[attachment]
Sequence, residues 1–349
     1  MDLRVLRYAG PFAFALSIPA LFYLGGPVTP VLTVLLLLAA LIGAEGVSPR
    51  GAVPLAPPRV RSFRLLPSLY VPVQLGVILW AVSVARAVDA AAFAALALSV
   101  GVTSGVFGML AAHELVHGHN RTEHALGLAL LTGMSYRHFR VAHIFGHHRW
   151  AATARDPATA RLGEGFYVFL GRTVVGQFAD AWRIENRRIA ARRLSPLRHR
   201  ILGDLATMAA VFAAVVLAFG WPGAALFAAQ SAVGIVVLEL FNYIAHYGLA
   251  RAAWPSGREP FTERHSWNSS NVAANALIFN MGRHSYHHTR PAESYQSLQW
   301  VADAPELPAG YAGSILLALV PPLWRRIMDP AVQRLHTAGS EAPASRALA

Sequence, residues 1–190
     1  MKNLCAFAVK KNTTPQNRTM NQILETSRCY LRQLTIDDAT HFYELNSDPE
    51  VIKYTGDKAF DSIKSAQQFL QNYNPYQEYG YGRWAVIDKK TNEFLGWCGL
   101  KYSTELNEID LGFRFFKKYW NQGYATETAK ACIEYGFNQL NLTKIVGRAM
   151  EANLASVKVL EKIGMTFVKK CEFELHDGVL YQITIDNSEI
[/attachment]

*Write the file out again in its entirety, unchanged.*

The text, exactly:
Sequence, residues 1–349
     1  MDLRVLRYAG PFAFALSIPA LFYLGGPVTP VLTVLLLLAA LIGAEGVSPR
    51  GAVPLAPPRV RSFRLLPSLY VPVQLGVILW AVSVARAVDA AAFAALALSV
   101  GVTSGVFGML AAHELVHGHN RTEHALGLAL LTGMSYRHFR VAHIFGHHRW
   151  AATARDPATA RLGEGFYVFL GRTVVGQFAD AWRIENRRIA ARRLSPLRHR
   201  ILGDLATMAA VFAAVVLAFG WPGAALFAAQ SAVGIVVLEL FNYIAHYGLA
   251  RAAWPSGREP FTERHSWNSS NVAANALIFN MGRHSYHHTR PAESYQSLQW
   301  VADAPELPAG YAGSILLALV PPLWRRIMDP AVQRLHTAGS EAPASRALA

Sequence, residues 1–190
     1  MKNLCAFAVK KNTTPQNRTM NQILETSRCY LRQLTIDDAT HFYELNSDPE
    51  VIKYTGDKAF DSIKSAQQFL QNYNPYQEYG YGRWAVIDKK TNEFLGWCGL
   101  KYSTELNEID LGFRFFKKYW NQGYATETAK ACIEYGFNQL NLTKIVGRAM
   151  EANLASVKVL EKIGMTFVKK CEFELHDGVL YQITIDNSEI